When 13 year old Gary Crockett hypnotizes Earl Lancaster and Earl stands
from his wheelchair everything changes for both of them. Gary
suspects Earl of lying about his paralysis and Gary’s mom thinks
Earl is sexy and a business genius. Before long all three need to
leave town in a hurry.
This coming of age tale is full of surprises and quirky characters,
twisted circumstances and weird resolutions. It’s a breezy look at
race relations, ladyboys, virginity, snake biting churches and meditation.
The novel is a one day read and sprinkled with humor.
The Hypnotist’s Assistant explores healing, romance, religion, deception,
dysfunction, inspiration, gender, addiction and loss.
What begins as an extraordinary event ends with new found love, true
friendship and hope. Bottom line – this book ultimately does what
books do, it brings the reader entertainment and escape.
worked as a 1st Class Steam Engineer in D.C. and then became a class
A General Contractor. He now lives in Richmond Virginia where he’s
retired and fulfilling a lifetime dream of publishing books. He like
books of all flavors and is always working on at least two novels at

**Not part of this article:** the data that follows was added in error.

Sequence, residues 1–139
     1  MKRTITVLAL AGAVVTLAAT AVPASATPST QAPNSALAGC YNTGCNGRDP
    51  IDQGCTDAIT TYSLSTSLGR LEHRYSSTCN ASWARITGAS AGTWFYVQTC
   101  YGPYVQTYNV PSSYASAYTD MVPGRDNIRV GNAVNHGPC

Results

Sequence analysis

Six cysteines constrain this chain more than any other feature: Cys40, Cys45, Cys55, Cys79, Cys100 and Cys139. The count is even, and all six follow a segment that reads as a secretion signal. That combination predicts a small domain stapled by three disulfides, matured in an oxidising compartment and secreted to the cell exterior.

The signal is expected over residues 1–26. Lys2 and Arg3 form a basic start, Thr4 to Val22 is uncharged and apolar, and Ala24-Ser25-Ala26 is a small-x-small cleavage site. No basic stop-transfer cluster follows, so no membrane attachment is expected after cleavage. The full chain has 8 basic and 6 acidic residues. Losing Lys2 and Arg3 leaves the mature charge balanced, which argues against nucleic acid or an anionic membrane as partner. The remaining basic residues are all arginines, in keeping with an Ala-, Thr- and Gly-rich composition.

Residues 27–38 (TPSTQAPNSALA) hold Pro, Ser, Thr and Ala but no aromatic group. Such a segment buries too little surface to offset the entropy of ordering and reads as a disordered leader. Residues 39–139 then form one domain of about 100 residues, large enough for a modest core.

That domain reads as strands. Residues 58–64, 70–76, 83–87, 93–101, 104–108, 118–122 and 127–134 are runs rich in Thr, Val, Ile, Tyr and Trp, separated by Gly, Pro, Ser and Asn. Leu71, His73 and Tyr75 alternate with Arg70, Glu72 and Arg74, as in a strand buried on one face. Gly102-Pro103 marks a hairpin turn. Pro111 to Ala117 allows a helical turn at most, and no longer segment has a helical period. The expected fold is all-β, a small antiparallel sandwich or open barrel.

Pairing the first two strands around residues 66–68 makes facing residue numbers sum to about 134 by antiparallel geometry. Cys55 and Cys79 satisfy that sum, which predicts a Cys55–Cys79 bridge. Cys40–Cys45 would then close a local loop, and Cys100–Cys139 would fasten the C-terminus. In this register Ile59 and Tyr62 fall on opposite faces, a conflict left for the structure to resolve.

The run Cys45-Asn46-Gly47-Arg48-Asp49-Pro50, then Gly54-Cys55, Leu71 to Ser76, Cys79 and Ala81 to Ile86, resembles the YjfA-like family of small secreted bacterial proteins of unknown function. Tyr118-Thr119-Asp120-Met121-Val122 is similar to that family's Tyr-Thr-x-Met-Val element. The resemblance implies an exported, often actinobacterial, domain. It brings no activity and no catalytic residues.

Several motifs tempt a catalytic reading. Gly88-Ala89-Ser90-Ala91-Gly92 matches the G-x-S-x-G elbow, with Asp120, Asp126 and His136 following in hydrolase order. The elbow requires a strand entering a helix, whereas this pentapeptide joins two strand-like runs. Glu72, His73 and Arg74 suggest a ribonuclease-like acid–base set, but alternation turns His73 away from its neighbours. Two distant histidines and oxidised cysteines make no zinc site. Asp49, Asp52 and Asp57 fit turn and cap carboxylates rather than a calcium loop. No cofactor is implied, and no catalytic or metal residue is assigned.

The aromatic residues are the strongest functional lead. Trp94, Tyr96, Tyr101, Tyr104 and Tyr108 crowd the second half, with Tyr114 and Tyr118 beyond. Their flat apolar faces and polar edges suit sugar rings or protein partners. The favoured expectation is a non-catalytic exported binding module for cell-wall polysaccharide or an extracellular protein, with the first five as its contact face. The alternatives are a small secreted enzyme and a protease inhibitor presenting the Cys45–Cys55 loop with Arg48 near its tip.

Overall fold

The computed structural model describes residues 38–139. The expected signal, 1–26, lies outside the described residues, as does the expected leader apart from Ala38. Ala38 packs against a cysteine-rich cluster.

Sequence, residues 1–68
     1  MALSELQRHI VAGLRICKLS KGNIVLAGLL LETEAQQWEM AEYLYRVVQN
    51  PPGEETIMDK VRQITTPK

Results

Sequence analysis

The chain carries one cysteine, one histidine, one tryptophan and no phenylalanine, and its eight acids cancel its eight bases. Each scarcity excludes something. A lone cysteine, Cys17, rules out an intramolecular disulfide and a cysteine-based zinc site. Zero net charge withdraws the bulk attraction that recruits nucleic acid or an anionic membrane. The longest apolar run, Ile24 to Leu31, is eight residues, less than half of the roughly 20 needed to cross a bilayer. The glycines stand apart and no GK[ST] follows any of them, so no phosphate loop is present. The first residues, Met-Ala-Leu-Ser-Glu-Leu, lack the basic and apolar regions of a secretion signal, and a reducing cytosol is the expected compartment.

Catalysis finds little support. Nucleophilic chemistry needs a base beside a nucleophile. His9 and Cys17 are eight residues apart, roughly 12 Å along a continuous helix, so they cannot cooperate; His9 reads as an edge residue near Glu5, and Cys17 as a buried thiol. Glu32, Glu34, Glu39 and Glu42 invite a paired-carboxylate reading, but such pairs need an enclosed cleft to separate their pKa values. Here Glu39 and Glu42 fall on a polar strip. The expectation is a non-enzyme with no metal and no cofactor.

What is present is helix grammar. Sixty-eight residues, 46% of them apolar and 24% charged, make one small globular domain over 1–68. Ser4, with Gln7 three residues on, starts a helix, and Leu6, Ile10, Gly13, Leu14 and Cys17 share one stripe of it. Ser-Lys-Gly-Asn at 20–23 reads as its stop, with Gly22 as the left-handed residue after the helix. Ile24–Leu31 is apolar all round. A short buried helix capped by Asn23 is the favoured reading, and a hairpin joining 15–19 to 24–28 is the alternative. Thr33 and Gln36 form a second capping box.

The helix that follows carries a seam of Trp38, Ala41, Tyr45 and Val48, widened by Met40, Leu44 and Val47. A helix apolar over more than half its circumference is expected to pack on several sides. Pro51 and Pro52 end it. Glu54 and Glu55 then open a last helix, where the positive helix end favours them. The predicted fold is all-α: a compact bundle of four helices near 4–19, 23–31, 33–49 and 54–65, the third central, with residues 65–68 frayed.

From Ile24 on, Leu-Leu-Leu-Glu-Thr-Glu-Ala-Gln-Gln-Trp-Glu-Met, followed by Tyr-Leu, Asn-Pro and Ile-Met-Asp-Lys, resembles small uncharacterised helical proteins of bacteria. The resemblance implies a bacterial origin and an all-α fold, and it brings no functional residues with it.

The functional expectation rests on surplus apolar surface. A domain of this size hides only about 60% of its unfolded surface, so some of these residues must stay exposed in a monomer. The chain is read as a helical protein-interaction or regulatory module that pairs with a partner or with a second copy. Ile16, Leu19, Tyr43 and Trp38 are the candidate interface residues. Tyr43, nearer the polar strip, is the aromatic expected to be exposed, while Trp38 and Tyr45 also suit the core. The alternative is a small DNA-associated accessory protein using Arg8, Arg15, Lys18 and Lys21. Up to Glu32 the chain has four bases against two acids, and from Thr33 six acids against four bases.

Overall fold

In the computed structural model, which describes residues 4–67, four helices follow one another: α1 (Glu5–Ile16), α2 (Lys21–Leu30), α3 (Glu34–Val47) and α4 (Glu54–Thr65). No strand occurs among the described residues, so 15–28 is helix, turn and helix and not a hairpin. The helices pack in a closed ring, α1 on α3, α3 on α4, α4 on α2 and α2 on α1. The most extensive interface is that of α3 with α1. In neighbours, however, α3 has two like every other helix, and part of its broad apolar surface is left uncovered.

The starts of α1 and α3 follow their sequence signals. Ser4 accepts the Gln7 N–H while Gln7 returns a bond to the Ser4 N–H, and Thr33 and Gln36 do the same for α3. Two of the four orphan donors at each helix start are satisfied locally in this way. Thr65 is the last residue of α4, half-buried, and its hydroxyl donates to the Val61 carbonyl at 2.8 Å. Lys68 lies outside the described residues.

any given time.
Brief Guest Post from Richard DeVall:
I hear music type people refer to digital music as cold, vinyl as being warm and tapes having depth. I wouldn’t have a clue. What I’m going to mention is the differences in perceptions of Audio, electronic and paperback books.
Audio is great for busy hands. It lacks intimacy in the area of pause and reflection. That’s because it’s a pace car that’s moving at a constant speed forward. It’s great for folks on the go. It’s actually a book on the go.
Kindle – Nook – Kobo – phone – tablet and desktop reading. I find the difference between those forms of reading and paperback almost, but not quite the same. The difference is familiarity. A book is a little warmer, like meatloaf and potatoes versus a grilled cheese sandwich, a cold pickle and soup.
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